A new report from the Canadian Centre for Child Protection (C3P) has taken a deep dive into app use among young people, and its results may be alarming for many parents.
The research has found that many apps being offered through public app stores have unsuitable age ratings, inconsistent enforcement, and parental controls that can be easily bypassed.
The centre’s Signy Arnason told 680 CJOB’s The Start that over the course of the pandemic, the organization has seen a 48 per cent increase in child victims coming forward over the course of the pandemic, and that it is calling for stronger Internet regulations.
“Kids are being sextorted, doxxed, (victims of) non-consensual distribution of intimate images, online luring — there are all sorts of things kids are facing,” Arnason said.
“There’s increased time they’re online and there are major risks.”
Arnason said more onus needs to be put on tech companies and app stores to protect children online.
“All you have to confirm is, ‘Yes, I’m 17.’ … Meanwhile, the app store knows at what age you signed up to your account,” she said.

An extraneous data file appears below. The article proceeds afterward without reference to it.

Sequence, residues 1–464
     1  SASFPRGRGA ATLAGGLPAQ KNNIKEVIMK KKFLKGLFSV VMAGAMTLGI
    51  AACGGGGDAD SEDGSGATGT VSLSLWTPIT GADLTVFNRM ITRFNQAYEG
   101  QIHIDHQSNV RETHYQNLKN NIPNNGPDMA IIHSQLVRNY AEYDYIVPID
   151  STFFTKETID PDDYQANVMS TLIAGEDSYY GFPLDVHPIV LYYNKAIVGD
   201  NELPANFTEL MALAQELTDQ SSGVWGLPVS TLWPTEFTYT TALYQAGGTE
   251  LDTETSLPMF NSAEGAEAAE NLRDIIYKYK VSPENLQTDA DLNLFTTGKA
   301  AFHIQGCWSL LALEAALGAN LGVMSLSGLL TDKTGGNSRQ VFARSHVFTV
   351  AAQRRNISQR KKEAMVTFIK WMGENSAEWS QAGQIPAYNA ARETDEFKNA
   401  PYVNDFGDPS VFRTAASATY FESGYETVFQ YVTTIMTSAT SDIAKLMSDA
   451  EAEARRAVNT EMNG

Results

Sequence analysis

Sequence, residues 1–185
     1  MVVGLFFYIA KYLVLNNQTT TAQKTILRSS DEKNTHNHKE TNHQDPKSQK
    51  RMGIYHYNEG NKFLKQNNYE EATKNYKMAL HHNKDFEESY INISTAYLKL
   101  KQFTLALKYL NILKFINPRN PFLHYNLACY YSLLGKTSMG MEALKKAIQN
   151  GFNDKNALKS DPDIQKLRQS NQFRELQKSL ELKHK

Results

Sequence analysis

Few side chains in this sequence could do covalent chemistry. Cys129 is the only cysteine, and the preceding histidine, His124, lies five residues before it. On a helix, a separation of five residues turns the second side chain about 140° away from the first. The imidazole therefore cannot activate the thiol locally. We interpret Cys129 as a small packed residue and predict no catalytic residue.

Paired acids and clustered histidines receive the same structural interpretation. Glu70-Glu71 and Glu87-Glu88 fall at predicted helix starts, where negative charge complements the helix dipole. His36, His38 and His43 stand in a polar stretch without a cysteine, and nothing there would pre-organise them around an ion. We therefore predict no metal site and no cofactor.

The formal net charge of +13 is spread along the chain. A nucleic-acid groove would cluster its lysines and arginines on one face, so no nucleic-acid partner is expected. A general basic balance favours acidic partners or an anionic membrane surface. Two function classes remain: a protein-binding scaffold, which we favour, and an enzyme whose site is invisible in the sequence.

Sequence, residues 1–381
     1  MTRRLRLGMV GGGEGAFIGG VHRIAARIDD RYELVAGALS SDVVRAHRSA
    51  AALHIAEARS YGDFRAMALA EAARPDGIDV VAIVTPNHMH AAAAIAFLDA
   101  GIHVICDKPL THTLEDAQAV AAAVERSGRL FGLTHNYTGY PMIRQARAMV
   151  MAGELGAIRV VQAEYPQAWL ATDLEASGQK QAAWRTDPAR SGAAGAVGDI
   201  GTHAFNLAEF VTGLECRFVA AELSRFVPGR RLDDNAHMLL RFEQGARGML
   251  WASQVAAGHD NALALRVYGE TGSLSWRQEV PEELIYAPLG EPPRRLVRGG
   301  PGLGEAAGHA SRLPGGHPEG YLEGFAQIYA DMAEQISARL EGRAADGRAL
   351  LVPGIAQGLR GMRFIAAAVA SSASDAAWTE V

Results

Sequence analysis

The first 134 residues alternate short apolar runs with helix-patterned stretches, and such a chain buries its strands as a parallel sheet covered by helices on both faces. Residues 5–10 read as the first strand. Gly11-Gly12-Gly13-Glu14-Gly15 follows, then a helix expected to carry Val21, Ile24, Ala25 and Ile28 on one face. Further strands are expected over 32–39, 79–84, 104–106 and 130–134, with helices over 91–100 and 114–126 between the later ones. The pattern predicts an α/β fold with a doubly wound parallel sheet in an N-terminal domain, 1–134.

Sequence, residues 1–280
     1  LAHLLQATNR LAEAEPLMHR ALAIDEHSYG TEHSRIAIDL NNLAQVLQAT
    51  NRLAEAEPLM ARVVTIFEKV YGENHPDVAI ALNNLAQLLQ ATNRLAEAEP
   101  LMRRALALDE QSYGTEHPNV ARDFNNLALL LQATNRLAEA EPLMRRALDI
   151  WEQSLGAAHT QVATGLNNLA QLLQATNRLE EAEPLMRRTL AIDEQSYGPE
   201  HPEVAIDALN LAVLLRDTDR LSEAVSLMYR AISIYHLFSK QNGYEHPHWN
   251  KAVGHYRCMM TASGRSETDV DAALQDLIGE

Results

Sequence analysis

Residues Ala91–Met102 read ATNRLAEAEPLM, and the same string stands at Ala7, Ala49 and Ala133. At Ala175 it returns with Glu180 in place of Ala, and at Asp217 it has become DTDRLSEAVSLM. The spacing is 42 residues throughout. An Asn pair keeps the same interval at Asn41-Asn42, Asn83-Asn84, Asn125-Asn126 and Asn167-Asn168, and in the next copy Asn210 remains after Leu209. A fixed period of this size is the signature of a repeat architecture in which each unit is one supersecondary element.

“There’s absolutely no excuse for why we’ve allowed kids to connect to apps that are really for adult audiences.”
The Centre is urging parents to have important conversations with their children about online safety and app use — until more safeguards are put in place.
Yet Arnason said the tech industry has unfairly put all of the responsibility on parents, which she said just isn’t reasonable.
“You cannot know what your children are doing 24/7 on these devices. It’s impossible,” she said.
“We’ve got to start to gain some control over this environment, which is why this app report fits with many of our other studies that say the Internet has to be regulated.
“This isn’t good enough, because who is paying the biggest price for this? It’s children.”
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